More than the last 200 years the world as a whole has seen a marked turn down in the incidence of absolute poverty. The success of Western Europe and North America over the 19th and 20th Centuries in reducing absolute poverty is famous, as is the success of China and India in more recent times. We have also seen encouraging signs of faster development against poverty in much of Africa since the late 1990s. The proportion of the world's population living below $1 a day has fallen from over 80 percent in the early 19th century to under 20 percent today.
In the 'utility of poverty' interpretation, some people are poor largely since the choices they make and there is little reason to think that they have the potential to be anything else than poor; And their poverty is seen as essential for the country's economic success that requires a large number of people eager for work, and avoiding hunger is seen as a necessary incentive for doing that work. The view of Patrick Colquhoun (1806), the founder of the modern police force, is a fair representation: "Poverty is a most necessary and indispensable ingredient in society, without which nations and communities might not exist in a state of civilization. It is the lot of man and it is the source of wealth". This appears to have been the dominant conventional view until well into the 19th century, and versions of this view survive today, although it is clearly no longer dominant.
Past advocates of the 'utility of poverty' saw little hope for poverty reduction through technical progress and economic development, given the claimed lack of 'moral restraint' amongst poor people. Classical economists acknowledged the logic of policies for mass education to change behaviours and therefore assure more pro-poor development in a capitalist market economy. Other than there was little enthusiasm for public intervention to foster basic schooling for all children until the late 19th century. There was reasonably broad support within elites for policies that helped protect people from transient poverty due to downside risks even when mass poverty was taken for granted. Other than public action to reduce chronic poverty had few advocates.
The second, option, interpretation sees poverty as stemming in large part from market and other institutional failures; one version came to prominence in the socialist movements of mid-19th century, whereby poverty was seen as an inevitable consequence of capitalism. Likewise to the classical economists, Karl Marx was skeptical of the prospects of poverty-reducing enlargement under capitalism, but not since of the moral failings of poor people; rather he believed that full-employment would be impossible, and 'reserve army' of the unemployed would hold back any wage gains.
Steps in the transition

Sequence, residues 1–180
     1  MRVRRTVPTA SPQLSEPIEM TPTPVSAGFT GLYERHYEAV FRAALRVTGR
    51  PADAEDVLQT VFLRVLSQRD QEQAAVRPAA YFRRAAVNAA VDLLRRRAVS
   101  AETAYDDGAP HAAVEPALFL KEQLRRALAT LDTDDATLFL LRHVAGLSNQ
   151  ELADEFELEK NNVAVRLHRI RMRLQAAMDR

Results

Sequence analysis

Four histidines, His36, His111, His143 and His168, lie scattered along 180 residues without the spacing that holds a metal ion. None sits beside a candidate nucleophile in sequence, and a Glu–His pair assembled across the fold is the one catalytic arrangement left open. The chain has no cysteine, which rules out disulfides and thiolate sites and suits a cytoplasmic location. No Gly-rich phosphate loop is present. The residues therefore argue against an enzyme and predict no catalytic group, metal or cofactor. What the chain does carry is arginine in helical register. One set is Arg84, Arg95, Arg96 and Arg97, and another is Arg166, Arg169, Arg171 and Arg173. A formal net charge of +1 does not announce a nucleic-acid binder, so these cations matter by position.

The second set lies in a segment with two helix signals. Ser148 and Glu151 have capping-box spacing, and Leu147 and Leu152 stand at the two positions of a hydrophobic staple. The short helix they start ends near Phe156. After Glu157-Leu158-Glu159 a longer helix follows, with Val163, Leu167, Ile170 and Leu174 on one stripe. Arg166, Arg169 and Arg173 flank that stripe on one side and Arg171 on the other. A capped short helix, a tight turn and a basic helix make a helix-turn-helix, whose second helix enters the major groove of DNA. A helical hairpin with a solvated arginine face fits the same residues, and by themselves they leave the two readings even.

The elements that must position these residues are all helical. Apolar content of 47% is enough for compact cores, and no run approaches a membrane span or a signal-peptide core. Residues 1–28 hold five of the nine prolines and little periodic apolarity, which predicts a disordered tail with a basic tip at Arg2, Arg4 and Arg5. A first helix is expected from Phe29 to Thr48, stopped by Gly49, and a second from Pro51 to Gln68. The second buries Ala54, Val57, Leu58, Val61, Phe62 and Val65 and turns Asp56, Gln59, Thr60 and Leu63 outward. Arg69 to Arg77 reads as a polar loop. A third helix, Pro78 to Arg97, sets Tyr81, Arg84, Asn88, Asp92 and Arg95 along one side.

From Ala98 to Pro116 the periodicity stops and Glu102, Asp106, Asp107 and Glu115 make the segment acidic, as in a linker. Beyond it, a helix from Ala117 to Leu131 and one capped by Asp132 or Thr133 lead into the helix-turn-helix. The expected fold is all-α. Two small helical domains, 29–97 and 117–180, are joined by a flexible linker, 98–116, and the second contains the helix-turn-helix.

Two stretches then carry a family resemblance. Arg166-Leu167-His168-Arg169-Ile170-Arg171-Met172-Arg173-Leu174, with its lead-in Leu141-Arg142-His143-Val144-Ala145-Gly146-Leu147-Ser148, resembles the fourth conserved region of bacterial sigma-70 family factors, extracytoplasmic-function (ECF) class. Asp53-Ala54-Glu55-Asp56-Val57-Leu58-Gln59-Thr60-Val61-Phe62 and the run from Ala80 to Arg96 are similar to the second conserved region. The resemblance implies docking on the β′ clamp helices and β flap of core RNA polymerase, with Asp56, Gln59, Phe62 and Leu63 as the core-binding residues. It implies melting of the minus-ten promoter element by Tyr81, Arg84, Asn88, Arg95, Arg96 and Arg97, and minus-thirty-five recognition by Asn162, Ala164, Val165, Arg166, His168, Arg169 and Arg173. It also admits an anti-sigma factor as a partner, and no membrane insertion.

The dominance of the institutional-failures view was highly uneven over time, with long periods of inaction and numerous set-backs. Though, two significant historical steps can be identified, which I dub the First and Second Poverty Enlightenments. The First Poverty Enlightenment was in the 20 or so years prior to turn of the 19th century. Well-liked critiques of prevailing social hierarchies blossomed in London and Paris, in the latter case notably culminating in the French Revolution. The philosophical writings of Immanuel Kant, Jean-Jacques Rousseau, Smith and others articulated a new respect for poor people as people, not just serving some purely instrumental role as means of production. The economy itself came to be seen as a means for promote all human welfare.
Adam Smith's (An Inquiry into the Nature and Causes of the Wealth of Nations, 1776) influential critique of mercantilist view that a country's development have to be judged through its balance of trade was an important step in opening the way to seeing growth against poverty as a goal for development, rather than a threat to it. Smith also argued in favour of promotional antipoverty policies, such as public subsidies to help cover schooling costs of the 'common people'. However on this and other social issues, Smith was evidently far more progressive than most of his peers or near-term followers. Classical economists such as Thomas Malthus and David Ricardo were hostile to the idea of antipoverty policy, pointing to adverse incentive effects, even if (not for the last time) such effects were almost certainly exaggerated, for example in the intense and influential early 19th-century debates on reforming England's Poor Laws (Ravallion 2013a). While the recognition those institutions were as a minimum partly responsible for poverty was a crucial step, it will be a long time before we saw the emergence of comprehensive antipoverty policies that might promote as well as protect.